David Mack is Los Angeles’ first gay black executive director of a dance company.
He’s the top administrator at the Invertigo Dance Theatre, whose latest production is “Formulae & Fairy Tales.” It explores the life of Alan Turing, a gay British citizen, who is renowned as the father of artificial intelligence. His mathematics and code breaking skills for the Allies during World War II were paramount in beating the Nazis.
“Formulae & Fairy Tales” will be performed today and Saturday at The Broad Stage at the Santa Monica Performing Arts Center. Tickets range from $49 to $79 plus service fees.
Laura Karlin, artistic director and founder of Invertigo Dance Theatre, is the director of “Formulae & Fairy Tales.”
After World War II, England tormented and punished Turing for being gay. Shortly after a 1952 conviction for “gross indecency,” Turing underwent chemical castration.
He died two years later after eating a cyanide flavored apple.
In an interview with Q Voice News, Mack, 36, talks his appreciation for Turing and his work, the lack of queer people-of-color in high level jobs in the Los Angeles art scene, and income inequality in the arts field.
Here are some excerpts.
“I’m not a math wizard. I don’t enjoy that,” Mack says. “But what Alan Turing has shown is how much of an influence math has on our everyday file, especially with social media and algorithms.
“A lot of the public has grown more accustomed to A.I. I love that we can express this in dance.”
Dance is not elitist
“Some people see dance as an elitist art form, but Laura seeks to break that down and reinforce that dance can be something accessible to people who have not been able to experience elite institutions or spaces,” Mack says.
“I hope what people draw from (‘Formulae & Fairy Tales’) is that it can be a learning lesson. We believe that dance is for everybody and every body,” he says. “So many people are vilified and their bodies attacked, like our immigrant communities.”
Dance is accessible
“I have heard from a lot of people, I love what you’re doing. It’s very pretty, but I had no idea what you were doing,” Mack says.
“The number one thing for people to walk away with is, Wow. I understood what was conveyed. Dance is accessible to me, and I can get something positive out of it. I didn’t know anything about Alan Turing or the queer community, but I enjoyed the piece.”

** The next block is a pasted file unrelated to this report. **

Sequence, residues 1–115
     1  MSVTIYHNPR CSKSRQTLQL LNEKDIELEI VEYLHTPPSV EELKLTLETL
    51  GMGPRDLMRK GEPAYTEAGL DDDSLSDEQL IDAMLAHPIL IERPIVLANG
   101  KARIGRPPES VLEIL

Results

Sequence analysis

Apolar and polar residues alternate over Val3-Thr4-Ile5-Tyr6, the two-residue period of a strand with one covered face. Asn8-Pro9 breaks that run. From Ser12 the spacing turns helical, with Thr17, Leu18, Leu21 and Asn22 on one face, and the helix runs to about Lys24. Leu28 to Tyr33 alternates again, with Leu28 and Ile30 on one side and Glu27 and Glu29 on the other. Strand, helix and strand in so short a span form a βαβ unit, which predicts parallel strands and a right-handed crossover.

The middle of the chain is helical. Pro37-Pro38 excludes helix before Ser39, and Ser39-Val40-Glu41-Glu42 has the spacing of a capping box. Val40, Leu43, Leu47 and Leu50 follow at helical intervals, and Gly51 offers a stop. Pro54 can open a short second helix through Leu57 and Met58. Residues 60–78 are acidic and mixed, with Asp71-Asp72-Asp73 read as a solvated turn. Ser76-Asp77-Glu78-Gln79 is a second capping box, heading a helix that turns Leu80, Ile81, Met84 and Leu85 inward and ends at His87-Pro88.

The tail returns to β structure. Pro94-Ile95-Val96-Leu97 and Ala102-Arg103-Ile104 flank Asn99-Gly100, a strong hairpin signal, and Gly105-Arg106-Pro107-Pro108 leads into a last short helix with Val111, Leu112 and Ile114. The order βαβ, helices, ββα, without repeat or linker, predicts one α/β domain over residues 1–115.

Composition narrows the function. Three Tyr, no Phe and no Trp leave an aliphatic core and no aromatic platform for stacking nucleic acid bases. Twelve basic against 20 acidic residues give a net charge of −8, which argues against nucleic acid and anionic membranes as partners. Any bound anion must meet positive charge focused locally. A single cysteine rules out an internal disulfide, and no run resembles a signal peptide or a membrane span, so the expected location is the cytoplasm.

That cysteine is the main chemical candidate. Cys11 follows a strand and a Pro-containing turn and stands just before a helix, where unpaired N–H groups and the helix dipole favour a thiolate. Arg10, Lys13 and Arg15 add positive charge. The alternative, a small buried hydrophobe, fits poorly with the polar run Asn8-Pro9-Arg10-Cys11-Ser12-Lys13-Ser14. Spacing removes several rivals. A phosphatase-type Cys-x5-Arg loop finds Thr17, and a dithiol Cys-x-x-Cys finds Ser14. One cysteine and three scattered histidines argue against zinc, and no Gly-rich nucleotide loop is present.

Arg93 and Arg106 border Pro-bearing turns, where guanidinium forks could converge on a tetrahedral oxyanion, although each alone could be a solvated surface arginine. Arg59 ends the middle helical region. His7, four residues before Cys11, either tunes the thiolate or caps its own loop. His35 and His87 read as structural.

Queer people-of-color absent
“We have a lot of queer artists and black artists in our community who are doing excellent work, but they don’t have the funding to hire a top level executive director. Elite organizations are not hiring queer, people of color into those executive director positions. That’s a shame,” Mack says.
“It’s a shame for it does not match the rhetoric I hear from leaders in our community, that the arts in Los Angeles are progressive and at the vanguard of society, and propelling society forward. We have a lot of work to do in the Los Angeles arts before we can live our values.”
Absent part 2
“Board members of elite institutions are not being asked, Why are you not hiring people like me in positions of power?,” Mack says.
“It’s tough because the systems are not built to be inclusive and culturally equitable. Change is seen as risk. Even if in your heart of hearts you want to change, the system is built to not change.”
“We don’t need to talk about why it should happen. We need the accountability of not changing,” Mack says. “It’s from a bygone era, where it’s OK for the head of an institution to make $1 million and someone working in that building is homeless. There is something profoundly wrong with that, especially when you brand yourself as a progressive institution.
“Once we change that, we will lift up so many marginalized people. There is so much income inequality in the arts in Los Angeles. That will take a lot of time to undo.”